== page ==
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By Aislinn Sarnacki, BDN Staff • December 30, 2017 7:00 am

Updated: January 1, 2018 5:53 pm

When temperatures dip below zero and the cold seeps into your bones, Glacier Wear of Greenville has you covered — with fur, if you’re not opposed.


The family-owned and -operated company is home to a giant inventory of fur, from silky rabbit hides to rough grizzly bear pelts. And with these furs the company crafts a wide variety of products for an even wider variety of customers, from superstars to the hunting guide down the road.


“We carry the largest inventory of tanned furs and leathers in North America,” said Randy Richard, who owns the company with his wife, Colleen Richard. “We get furs from all over the world.”


Since moving from Montana to Maine three years ago, Glacier Wear has continued to grow and thrive in a region where trapping and fur trade is not only historic, it’s also a tradition that continues to this day.


On Wednesday, Dec. 20, Randy Richard was busy in the company’s sewing room, cutting a bobcat hide destined to be made into a warm winter hat. Nearby, his grown daughters, Jessica and Beca, were busy with their own projects: a hand-stitched beaver blanket and a fox fur hat.


“We’ve worked with a lot of movie people, singers, entertainers, that kind of thing,” Randy Richard said.


In the company’s main office, posters are on display from the many movies and TV shows for which Glacier Wear has created fur pelts, costumes and props, including HBO’s “Game of Thrones” and Fox’s “Sleepy Hollow.” There also are posters for “Magnificent Seven,” “The Ridiculous 6,” “Night at the Museum,” “Cowboys & Aliens” and “The Hateful Eight.”


“We made Kurt Russell’s hat in ‘The Hateful Eight,’” Colleen Richard said. Set in the dead of winter in post-Civil War Wyoming, the film naturally required a lot of traditional fur attire.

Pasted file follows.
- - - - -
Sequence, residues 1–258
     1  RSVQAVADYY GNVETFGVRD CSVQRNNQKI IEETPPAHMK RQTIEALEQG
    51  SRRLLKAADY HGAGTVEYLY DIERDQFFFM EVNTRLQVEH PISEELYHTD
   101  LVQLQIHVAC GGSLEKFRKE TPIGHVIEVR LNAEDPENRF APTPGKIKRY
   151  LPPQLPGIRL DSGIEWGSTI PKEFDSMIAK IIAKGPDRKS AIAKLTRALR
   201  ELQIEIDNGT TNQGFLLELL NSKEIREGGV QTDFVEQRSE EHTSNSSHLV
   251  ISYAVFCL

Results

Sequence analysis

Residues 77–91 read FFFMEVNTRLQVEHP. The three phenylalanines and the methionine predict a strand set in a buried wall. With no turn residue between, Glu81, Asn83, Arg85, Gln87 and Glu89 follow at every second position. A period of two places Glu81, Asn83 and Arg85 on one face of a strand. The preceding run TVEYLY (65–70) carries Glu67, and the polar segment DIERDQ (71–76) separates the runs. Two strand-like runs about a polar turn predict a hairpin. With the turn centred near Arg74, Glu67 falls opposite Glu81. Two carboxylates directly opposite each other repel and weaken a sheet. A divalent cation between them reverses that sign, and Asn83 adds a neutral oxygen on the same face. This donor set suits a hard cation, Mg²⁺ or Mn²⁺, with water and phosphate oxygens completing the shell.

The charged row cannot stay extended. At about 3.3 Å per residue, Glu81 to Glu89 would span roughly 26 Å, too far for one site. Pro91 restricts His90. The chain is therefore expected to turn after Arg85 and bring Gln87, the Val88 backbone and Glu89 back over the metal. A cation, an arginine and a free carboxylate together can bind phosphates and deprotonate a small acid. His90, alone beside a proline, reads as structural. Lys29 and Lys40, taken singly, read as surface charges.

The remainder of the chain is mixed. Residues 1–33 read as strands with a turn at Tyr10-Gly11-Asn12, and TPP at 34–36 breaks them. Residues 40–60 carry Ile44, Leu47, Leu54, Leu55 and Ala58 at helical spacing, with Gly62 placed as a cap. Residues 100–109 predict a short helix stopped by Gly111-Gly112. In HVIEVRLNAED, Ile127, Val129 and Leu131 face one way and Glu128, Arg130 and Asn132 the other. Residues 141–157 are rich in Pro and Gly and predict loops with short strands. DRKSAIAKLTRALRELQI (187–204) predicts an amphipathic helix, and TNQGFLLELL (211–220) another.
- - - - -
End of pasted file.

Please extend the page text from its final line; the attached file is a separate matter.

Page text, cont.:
For “Game of Thrones,” the company provided fur pelts to the show’s award-winning costume designers. Glacier Wear also provided the grizzly bear hide used in the award-winning 2015 film “The Revenant,” starring Leonardo DiCaprio. The company has decorated the home of singer Celine Dion, and created a blanket as a Christmas gift for Michael Bloomberg, former mayor of New York and one of the richest people in the U.S.


“You just never know,” Randy Richard said of his wide variety of customers. “It could be a billionaire, or it could be this guy from Guilford who just wants a skunk hat.”


Once a trapper, hunter and whitewater rafting guide in the Moosehead region, Richard moved to Montana in 1988 with Colleen and continued to work in the outfitting business leading guided horseback tours. Then, in 1991, after a family health crisis, the Richards purchased a local wholesale fur company and established Glacier Wear. Since then, the company has steadily grown, and in 2014, the family decided to return to live and work in the Moosehead region.


“All of our family was still here,” Randy Richard said. “Probably about 70 percent of our business is east of the Mississippi, so it was easier and less costly to ship. And I buy most of the fur in the Northeast.”


The business now has eight full-time employees and three to four seasonal employees. Randy and Colleen continue to be a part of the entire process, from selecting and buying the furs to designing new products and crafting them to marketing and shipping out orders.